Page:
Acts 13:42-52
42 As Paul and Barnabas were going out, the people urged them to speak about these things again the next sabbath. 43When the meeting of the synagogue broke up, many Jews and devout converts to Judaism followed Paul and Barnabas, who spoke to them and urged them to continue in the grace of God. 

44 The next sabbath almost the whole city gathered to hear the word of the Lord. 45But when the Jews saw the crowds, they were filled with jealousy; and blaspheming, they contradicted what was spoken by Paul. 46Then both Paul and Barnabas spoke out boldly, saying, ‘It was necessary that the word of God should be spoken first to you. Since you reject it and judge yourselves to be unworthy of eternal life, we are now turning to the Gentiles. 47For so the Lord has commanded us, saying,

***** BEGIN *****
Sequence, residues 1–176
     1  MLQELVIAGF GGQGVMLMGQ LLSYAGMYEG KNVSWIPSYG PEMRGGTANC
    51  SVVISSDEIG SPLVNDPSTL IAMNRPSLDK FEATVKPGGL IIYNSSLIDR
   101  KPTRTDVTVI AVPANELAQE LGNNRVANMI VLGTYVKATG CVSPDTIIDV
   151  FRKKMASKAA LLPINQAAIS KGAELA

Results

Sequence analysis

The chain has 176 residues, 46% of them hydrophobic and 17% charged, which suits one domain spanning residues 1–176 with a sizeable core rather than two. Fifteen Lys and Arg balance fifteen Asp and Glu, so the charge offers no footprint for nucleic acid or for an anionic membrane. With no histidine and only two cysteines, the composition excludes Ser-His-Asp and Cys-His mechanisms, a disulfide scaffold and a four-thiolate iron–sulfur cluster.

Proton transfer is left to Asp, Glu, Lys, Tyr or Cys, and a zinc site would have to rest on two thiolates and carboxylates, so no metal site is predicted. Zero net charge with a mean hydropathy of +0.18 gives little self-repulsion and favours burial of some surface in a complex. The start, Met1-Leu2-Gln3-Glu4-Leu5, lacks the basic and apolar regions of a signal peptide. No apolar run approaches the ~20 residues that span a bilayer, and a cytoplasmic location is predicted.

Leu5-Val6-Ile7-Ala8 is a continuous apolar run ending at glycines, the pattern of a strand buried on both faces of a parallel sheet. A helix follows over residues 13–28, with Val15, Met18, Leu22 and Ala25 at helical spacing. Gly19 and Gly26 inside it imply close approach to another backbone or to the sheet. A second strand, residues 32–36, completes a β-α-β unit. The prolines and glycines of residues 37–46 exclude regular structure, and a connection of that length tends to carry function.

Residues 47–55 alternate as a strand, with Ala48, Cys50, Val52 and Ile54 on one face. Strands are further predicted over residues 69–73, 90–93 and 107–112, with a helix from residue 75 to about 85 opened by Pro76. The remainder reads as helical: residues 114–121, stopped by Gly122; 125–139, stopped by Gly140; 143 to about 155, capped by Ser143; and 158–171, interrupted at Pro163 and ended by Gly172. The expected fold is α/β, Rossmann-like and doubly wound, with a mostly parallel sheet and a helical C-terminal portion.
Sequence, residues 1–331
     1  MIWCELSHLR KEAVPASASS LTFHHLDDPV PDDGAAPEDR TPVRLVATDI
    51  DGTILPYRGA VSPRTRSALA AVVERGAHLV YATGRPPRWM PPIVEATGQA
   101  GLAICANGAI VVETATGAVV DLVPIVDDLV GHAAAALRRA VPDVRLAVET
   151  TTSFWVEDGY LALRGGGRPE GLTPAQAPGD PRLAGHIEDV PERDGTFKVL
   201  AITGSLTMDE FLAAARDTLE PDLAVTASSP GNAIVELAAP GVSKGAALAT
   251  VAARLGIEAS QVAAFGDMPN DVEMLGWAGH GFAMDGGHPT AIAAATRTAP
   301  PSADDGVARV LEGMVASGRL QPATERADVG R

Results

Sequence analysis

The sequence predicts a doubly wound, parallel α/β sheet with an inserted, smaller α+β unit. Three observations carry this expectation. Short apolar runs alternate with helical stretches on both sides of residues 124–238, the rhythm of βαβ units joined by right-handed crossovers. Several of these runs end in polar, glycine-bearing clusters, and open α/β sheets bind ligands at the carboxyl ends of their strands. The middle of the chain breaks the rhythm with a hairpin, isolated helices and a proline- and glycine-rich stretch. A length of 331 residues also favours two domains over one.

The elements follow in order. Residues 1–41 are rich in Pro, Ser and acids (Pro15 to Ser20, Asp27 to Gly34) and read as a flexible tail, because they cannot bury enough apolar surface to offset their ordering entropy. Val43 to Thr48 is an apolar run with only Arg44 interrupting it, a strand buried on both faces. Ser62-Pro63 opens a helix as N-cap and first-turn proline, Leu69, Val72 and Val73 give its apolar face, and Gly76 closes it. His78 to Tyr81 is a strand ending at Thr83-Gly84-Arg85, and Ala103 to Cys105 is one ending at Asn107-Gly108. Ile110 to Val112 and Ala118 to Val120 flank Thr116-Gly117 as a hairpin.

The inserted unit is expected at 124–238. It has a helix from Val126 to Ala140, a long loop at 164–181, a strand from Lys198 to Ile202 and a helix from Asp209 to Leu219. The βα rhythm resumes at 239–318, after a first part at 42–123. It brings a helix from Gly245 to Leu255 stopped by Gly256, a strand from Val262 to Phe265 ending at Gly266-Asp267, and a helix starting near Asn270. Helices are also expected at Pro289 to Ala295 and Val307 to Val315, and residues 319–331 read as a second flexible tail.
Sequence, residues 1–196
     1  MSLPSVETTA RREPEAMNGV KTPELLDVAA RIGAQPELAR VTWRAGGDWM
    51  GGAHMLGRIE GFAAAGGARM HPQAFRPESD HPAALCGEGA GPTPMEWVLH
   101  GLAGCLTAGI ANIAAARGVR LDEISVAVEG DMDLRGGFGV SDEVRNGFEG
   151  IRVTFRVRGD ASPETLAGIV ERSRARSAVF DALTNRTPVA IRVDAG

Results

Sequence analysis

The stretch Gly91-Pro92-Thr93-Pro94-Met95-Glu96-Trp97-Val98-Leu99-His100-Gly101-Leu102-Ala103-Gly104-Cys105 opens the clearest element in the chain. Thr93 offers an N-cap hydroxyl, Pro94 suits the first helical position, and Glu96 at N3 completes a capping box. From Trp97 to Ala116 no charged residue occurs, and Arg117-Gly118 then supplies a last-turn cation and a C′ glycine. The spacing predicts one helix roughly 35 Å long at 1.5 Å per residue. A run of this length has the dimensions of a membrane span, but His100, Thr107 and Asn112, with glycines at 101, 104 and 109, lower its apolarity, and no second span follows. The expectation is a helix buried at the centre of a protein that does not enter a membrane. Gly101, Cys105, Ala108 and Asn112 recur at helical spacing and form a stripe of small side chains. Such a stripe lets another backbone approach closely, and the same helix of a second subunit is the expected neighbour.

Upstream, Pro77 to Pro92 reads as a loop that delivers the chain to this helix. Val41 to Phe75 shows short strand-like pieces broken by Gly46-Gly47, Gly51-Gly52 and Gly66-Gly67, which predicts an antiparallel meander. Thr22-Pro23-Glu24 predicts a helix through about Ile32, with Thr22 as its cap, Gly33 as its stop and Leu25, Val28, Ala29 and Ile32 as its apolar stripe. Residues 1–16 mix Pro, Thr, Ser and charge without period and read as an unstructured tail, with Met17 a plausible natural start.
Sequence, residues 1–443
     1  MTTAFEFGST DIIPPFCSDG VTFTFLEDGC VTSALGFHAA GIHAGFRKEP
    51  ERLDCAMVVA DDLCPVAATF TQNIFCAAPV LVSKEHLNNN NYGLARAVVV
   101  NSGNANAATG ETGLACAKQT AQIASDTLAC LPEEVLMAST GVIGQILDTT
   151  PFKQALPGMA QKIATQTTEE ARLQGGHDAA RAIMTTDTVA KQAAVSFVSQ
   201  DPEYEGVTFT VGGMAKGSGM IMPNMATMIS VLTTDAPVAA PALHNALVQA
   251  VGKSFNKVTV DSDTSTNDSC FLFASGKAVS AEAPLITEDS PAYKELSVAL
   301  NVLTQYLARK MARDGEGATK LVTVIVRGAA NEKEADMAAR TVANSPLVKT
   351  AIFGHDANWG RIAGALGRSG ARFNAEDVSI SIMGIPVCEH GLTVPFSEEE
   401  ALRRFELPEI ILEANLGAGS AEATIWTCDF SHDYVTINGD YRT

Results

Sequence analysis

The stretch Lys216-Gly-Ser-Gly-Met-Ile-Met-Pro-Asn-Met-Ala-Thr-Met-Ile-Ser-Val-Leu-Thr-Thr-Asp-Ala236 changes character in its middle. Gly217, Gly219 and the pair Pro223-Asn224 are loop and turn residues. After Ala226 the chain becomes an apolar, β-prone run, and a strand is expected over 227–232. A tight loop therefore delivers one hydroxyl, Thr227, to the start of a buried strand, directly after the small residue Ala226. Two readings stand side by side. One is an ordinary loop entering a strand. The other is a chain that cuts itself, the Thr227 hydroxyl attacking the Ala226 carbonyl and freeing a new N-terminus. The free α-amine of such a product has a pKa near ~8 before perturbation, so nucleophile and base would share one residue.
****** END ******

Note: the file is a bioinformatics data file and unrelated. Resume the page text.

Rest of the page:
“I have set you to be a light for the Gentiles,
   so that you may bring salvation to the ends of the earth.” ’ 

48 When the Gentiles heard this, they were glad and praised the word of the Lord; and as many as had been destined for eternal life became believers. 49Thus the word of the Lord spread throughout the region. 50But the Jews incited the devout women of high standing and the leading men of the city, and stirred up persecution against Paul and Barnabas, and drove them out of their region. 51So they shook the dust off their feet in protest against them, and went to Iconium. 52And the disciples were filled with joy and with the Holy Spirit.

Sunday, July 7, 2013

preaching again

Good afternoon friends,